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On decolonisation & Buen vivir: sharing lessons from Latin America

On decolonisation & Buen vivir: sharing lessons from Latin America

By Werner Soors
on September 22, 2022

In less than four weeks from now, three dozen Emerging Voices from all over the world will gather in Medellín, Colombia, for their final leap towards exposure. Following ten days of face-to-face coaching, they will be the next cohort (EV2022) of an established Thematic Working Group of Health Systems Global and will have their rite of passage at the 7th Global Symposium in Health Systems Research (HSR2022) in Bogotá. The Symposium, themed ‘Health Systems Performance in the Political Agenda’, aims at ‘Sharing lessons for current and future global challenges’. Among the priority themes that the EV coaching will focus on are violence and health, and migration and health.

The HSR symposium never before took place in Latin America. I would argue that finally ‘going Latin’ provides an opportunity not to be missed. There’s plenty of things to learn from Latin America, both conceptually and practically, that usually go unseen in the dominant Anglophone research and policy communities. Allow me to briefly elaborate on one example: decolonisation.

Decolonisation, in global health and beyond, is without doubt a hot topic. But all too often, our scope is short-sighted and the way forward ill-defined. Can Latin American thought broaden our understanding and contribute to a road map worth walking?

For a European whitey (which I confess I am, even male and white-haired), it might come as a surprise that Latin Americans updated the well-known social determinants framework by adding ‘ongoing colonialism’ as a structural driver of health inequities in a 2019 PAHO flagship report. After all, most Latin American countries already ‘decolonised’ around the time Belgium came into existence. As an inhabitant of the latter, tiny yet infamous colonial power, I might be tempted to see colonialism as something restricted to the African continent we co-colonised in the late 19th century. Unhappily ever after, though, such myopic framing is also becoming the dominant scope of (much of) the decolonisation discourse. Yet, noting the exceptions of a few Iberian excursions along African and Indian coast lines, old Europe started massive colonisation in 1492, and did so first in the Americas (now you finally grasped the meaning of this weird picture of a Belgian king with an ‘illegal migration’ T-shirt). If any peoples have a large experience with colonialism to learn from, it must be the survivors of the native Americans, joined by the descendants of the Africans we enslaved and sent over. We should thank Latin America for reminding us of the wider picture, in both space and time. This leaves us with the question why Latin American scholars bring this up two centuries after having gained ‘independence’.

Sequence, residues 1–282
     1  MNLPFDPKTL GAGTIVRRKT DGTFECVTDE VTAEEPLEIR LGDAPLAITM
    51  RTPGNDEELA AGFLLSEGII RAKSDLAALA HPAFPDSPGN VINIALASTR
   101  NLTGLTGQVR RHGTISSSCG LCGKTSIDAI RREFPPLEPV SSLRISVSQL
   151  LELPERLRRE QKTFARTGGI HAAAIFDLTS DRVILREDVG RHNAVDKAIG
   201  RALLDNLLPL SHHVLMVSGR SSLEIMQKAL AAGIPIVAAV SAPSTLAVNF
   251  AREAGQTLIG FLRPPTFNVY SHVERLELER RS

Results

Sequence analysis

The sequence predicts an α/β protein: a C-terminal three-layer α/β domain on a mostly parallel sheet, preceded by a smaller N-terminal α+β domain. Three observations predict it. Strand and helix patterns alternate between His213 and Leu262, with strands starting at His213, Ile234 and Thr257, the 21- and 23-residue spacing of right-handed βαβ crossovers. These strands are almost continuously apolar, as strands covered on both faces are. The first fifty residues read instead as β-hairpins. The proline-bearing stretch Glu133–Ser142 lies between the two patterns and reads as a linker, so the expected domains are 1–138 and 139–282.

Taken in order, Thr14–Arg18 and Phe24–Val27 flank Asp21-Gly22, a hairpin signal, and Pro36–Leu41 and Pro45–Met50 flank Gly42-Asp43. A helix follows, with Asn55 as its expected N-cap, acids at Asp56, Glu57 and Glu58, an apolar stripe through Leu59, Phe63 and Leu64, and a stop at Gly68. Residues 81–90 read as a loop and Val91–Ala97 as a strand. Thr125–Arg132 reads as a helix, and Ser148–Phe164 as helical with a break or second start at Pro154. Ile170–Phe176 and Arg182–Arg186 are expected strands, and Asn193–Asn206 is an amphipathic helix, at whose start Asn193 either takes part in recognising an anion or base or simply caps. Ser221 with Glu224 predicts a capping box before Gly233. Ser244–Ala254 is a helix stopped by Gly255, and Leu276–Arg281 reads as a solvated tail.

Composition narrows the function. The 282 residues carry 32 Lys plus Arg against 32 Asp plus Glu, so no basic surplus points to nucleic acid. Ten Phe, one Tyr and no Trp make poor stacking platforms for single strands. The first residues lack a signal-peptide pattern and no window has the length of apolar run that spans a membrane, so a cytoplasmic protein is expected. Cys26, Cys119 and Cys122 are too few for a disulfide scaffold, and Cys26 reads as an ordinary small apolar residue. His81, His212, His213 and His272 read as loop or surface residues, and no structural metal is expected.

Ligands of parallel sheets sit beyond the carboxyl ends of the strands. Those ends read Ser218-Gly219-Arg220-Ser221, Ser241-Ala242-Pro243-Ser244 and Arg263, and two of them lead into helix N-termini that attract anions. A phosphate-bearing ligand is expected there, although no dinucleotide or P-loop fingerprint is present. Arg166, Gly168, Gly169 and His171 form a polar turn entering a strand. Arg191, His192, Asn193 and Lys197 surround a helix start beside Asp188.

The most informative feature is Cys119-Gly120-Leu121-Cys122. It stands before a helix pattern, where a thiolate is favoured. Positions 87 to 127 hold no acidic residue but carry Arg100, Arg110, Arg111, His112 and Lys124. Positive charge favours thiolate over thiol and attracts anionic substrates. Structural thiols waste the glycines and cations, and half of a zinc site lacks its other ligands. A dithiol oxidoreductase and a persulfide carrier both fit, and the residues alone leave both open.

First of all, because this independence has never been real, as was indicated first and firmly more than half a century ago by the Latin American (yes, again) dependency school.

Second, and intimately related to the first, because formal independence failed to erase the legacy of European colonialism. That legacy is called coloniality, or coloniality of power. The term was coined two decades ago by Quijano (yes, another Latino). Among other things the concept helps us to realize that today we are in fact all colonised, and that we need no more nation states to become colonised (in times of consumerism, capital doesn’t need middlemen anymore…). And, as far as Latin America is concerned, coloniality is omnipresent and ever increasing: in racism, in violence, in market reification, in extractivism, and in rampant inequity. No wonder Latin American health scholars felt the need to make this explicit in the updated social determinants framework.

But Latin America also offers us a way out, one that is highly relevant for health and helps us think out of the box: Buen vivir (living well). Grown out of discontent with Western development paradigms and building on alternatives from indigenous traditions, it is a concept, a social movement and a road map, but not a copy-paste blueprint. It aims to be community-centric, ecologically balanced and culturally sensitive. As such, it is the practical application of what Quijano called the ‘decoloniality of power’ (my italics). In essence, it is a ‘rethinking of the future we want’. With a track record of less than two decades, ‘Buen vivir’ already made it into the constitution of Bolivia and Ecuador. While in both cases co-optation by party politics was an issue, this did not prevent the concept from receiving worldwide attention. Eventually, early 2022, ‘Buen vivir’ was declared one of the pillars of the ‘People’s charter for an eco-social world’ at a global summit co-organised by the United Nations Research Institute for Social Development.

I truly hope that EV2022 and HSR2022 will be the next steppingstone to co-construct an equitable and liveable future, for health and beyond, for mankind and nature alike.

A former Belgian king, slightly dressed up
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